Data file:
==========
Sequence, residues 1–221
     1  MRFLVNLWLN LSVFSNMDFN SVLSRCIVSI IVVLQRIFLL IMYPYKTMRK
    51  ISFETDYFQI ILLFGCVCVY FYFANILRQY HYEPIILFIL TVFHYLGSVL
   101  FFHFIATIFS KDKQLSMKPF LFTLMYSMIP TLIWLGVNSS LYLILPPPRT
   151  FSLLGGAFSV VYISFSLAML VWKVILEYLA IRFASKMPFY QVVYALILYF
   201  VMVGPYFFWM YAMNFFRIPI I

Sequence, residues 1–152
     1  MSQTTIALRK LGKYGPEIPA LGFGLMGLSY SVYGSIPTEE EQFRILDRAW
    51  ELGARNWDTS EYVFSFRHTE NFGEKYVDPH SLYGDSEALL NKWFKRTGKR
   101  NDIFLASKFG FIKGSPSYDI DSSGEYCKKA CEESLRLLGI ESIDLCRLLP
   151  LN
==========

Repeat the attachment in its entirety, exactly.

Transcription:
Sequence, residues 1–221
     1  MRFLVNLWLN LSVFSNMDFN SVLSRCIVSI IVVLQRIFLL IMYPYKTMRK
    51  ISFETDYFQI ILLFGCVCVY FYFANILRQY HYEPIILFIL TVFHYLGSVL
   101  FFHFIATIFS KDKQLSMKPF LFTLMYSMIP TLIWLGVNSS LYLILPPPRT
   151  FSLLGGAFSV VYISFSLAML VWKVILEYLA IRFASKMPFY QVVYALILYF
   201  VMVGPYFFWM YAMNFFRIPI I

Sequence, residues 1–152
     1  MSQTTIALRK LGKYGPEIPA LGFGLMGLSY SVYGSIPTEE EQFRILDRAW
    51  ELGARNWDTS EYVFSFRHTE NFGEKYVDPH SLYGDSEALL NKWFKRTGKR
   101  NDIFLASKFG FIKGSPSYDI DSSGEYCKKA CEESLRLLGI ESIDLCRLLP
   151  LN